A microsphere immunoassay (MIA) utilising Luminex xMap technology that is capable of determining leptospirosis IgG and IgM independently was developed. The MIA was validated using 200 human samples submitted for routine leptospirosis serology testing. The traditional microscopic agglutination (MAT) method (now 100 years old) suffers from a significant range of technical problems including a dependence on antisera which is difficult to source and produce, false positive reactions due to auto-agglutination and an inability to differentiate between IgG and IgM antibodies. A comparative validation method of the MIA against the MAT was performed and used to determine the ability of the MIA to detect leptospiral antibodies when compared with the MAT. The assay was able to determine samples in the reactive, equivocal and non-reactive ranges when compared to the MAT and was able to differentiate leptospiral IgG antibodies from leptospiral IgM antibodies. The MIA is more sensitive than the MAT and in true infections was able to detect low levels of antibody in the later stages of the acute phase as well as detect higher levels of IgM antibody earlier in the immune phase of the infection. The relatively low cost, high throughput platform and significantly reduced dependency on large volumes of rabbit antisera make this assay worthy of consideration for any microbiological assay that currently uses agglutination assays.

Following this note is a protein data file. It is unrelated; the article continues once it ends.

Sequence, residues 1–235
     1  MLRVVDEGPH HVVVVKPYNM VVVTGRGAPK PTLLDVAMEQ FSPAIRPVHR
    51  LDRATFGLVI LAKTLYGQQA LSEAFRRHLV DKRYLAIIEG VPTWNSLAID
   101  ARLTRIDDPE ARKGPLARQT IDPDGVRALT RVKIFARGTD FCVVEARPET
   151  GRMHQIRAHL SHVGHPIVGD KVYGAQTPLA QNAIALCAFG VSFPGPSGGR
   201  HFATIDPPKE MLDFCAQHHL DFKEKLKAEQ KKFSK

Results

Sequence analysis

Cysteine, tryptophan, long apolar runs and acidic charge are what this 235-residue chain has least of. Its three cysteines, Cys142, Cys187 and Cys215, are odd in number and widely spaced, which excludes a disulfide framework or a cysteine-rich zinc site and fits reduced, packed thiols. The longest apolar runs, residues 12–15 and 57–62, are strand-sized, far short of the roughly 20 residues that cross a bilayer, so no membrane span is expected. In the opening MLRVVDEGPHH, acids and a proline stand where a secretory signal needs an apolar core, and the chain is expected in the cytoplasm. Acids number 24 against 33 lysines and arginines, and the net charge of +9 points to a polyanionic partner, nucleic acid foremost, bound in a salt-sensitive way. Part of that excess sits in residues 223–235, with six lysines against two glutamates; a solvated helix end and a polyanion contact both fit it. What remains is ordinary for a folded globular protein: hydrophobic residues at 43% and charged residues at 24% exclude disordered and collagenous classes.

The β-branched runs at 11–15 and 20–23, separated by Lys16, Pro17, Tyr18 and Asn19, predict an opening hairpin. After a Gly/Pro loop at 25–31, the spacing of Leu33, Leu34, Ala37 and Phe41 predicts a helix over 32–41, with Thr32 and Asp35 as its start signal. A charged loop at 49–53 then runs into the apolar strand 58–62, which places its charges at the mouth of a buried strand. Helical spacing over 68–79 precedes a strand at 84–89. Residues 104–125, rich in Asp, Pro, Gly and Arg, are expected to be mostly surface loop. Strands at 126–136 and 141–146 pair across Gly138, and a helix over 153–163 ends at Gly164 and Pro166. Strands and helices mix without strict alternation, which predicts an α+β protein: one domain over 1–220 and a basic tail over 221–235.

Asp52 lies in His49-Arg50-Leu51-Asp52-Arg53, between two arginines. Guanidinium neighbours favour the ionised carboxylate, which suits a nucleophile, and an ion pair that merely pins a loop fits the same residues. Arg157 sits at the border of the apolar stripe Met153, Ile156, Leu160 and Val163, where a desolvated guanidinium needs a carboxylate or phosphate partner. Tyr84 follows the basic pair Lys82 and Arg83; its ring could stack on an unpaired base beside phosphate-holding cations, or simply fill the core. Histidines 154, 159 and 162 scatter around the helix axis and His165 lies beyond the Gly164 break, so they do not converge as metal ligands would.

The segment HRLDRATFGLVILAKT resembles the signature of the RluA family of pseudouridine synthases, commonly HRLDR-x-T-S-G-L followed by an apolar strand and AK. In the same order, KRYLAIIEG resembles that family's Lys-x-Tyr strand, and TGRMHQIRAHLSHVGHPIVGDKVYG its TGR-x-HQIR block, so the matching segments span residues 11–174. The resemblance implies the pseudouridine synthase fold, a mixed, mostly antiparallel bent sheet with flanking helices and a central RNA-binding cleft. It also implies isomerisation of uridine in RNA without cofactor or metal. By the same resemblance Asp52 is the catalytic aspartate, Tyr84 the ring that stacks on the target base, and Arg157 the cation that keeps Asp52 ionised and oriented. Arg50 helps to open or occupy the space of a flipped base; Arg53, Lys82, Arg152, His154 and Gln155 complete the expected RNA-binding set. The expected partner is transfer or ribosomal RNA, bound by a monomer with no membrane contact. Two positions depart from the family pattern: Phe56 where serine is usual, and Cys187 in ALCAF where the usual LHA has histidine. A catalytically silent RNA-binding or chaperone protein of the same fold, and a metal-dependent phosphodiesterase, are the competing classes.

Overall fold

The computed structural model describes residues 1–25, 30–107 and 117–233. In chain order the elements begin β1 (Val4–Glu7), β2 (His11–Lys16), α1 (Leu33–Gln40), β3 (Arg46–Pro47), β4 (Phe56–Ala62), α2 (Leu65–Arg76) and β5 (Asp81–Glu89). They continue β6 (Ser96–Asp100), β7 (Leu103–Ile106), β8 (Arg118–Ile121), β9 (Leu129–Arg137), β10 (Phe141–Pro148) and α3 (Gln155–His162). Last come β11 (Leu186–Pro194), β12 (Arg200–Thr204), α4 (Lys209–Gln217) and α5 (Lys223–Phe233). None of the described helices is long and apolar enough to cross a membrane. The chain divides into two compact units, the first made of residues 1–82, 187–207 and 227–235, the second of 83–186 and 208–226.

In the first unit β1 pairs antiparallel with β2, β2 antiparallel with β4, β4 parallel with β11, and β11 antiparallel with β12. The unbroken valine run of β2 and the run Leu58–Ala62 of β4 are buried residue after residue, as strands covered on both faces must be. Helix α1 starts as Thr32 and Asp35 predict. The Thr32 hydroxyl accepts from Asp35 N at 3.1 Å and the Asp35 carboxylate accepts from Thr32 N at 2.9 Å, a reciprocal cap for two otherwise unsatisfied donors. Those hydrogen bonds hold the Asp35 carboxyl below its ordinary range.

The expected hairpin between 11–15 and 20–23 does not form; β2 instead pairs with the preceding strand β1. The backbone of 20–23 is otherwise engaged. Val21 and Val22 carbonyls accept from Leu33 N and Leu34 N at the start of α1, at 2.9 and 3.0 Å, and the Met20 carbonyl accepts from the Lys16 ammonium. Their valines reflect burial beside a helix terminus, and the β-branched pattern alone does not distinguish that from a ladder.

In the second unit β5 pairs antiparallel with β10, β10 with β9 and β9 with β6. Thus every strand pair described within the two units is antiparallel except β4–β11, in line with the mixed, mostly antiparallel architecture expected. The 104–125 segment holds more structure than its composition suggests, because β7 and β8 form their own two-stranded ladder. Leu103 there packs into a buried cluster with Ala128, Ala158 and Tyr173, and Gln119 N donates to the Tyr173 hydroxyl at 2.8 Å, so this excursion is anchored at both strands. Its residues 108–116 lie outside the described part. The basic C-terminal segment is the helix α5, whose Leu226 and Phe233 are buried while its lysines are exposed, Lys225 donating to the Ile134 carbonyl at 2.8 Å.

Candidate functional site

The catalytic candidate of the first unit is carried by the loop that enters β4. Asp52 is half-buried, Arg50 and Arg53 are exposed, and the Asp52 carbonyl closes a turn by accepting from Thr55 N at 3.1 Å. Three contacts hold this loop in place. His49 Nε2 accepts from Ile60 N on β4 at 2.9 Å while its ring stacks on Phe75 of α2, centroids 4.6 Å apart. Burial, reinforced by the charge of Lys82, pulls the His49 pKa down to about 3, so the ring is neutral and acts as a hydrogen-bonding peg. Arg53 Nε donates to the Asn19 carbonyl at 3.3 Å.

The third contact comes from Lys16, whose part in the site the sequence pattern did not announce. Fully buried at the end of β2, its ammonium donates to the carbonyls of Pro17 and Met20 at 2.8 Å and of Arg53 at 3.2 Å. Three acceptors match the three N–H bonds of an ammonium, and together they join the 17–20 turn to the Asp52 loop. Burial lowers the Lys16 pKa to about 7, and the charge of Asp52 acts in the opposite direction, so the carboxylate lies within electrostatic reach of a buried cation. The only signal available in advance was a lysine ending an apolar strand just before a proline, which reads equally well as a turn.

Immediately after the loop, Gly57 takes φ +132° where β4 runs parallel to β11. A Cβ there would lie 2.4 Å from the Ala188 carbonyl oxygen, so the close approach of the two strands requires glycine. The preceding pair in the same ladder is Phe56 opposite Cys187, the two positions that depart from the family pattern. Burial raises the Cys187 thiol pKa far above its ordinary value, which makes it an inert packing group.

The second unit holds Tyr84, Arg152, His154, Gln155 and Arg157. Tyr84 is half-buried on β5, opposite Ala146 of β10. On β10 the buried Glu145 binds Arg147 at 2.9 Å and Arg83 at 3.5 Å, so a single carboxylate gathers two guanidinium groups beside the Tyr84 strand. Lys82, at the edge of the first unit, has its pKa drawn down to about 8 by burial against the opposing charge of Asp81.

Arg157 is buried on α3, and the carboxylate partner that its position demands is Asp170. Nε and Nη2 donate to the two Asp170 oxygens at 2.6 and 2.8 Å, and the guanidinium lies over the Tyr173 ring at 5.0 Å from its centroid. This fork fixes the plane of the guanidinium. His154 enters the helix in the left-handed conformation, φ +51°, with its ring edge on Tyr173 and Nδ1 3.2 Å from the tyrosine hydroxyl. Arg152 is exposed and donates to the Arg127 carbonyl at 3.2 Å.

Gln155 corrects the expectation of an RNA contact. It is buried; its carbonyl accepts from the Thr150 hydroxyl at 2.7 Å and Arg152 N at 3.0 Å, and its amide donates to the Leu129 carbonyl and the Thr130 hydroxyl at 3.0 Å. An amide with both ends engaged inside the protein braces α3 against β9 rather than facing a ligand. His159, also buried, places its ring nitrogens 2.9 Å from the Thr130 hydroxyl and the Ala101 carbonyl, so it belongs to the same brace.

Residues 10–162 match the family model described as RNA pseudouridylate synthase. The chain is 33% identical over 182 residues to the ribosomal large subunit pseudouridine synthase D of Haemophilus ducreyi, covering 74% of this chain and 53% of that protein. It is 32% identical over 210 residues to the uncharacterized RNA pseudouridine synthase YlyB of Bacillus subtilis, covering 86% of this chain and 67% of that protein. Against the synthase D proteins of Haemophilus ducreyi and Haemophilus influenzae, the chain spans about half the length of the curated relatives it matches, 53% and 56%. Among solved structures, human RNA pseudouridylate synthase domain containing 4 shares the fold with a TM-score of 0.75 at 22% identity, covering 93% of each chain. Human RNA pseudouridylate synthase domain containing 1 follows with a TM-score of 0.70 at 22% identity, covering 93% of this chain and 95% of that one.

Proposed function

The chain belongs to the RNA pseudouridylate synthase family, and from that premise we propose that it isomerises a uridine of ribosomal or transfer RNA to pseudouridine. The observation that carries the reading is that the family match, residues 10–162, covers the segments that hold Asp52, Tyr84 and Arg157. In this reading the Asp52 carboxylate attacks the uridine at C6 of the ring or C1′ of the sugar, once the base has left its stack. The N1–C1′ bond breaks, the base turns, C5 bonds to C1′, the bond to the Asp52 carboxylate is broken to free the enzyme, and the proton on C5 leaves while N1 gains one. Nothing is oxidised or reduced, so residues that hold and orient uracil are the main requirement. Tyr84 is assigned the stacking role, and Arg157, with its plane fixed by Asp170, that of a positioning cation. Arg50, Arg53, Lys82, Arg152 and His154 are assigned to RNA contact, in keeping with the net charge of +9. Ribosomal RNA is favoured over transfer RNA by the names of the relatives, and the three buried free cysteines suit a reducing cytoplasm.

Author Summary

Leptospirosis is a zoonotic disease caused by spirochaetes of the genus Leptospira and affects millions of people, worldwide, each year. Laboratory diagnosis of leptospirosis currently relies on methods that are flawed in many areas. Current methods are outdated, time consuming and expensive. They rely on a continuous supply of animal products (rabbit anti-sera) and require specialist expertise and equipment. The current gold standard diagnostic assay for leptospirosis (MAT) cannot determine IgG from IgM antibodies and relies on live cultures, which presents problems in the way of maintenance and attenuation. Development of a new diagnostic assay for serological diagnosis of leptospirosis that is specific, sensitive and able to discriminate between IgG and IgM classes of antibodies—as well as being more cost effective—will significantly improve the capabilities for detecting leptospirosis infections. It will provide medical professionals with more valuable diagnostic information and public health professionals with improved epidemiological information.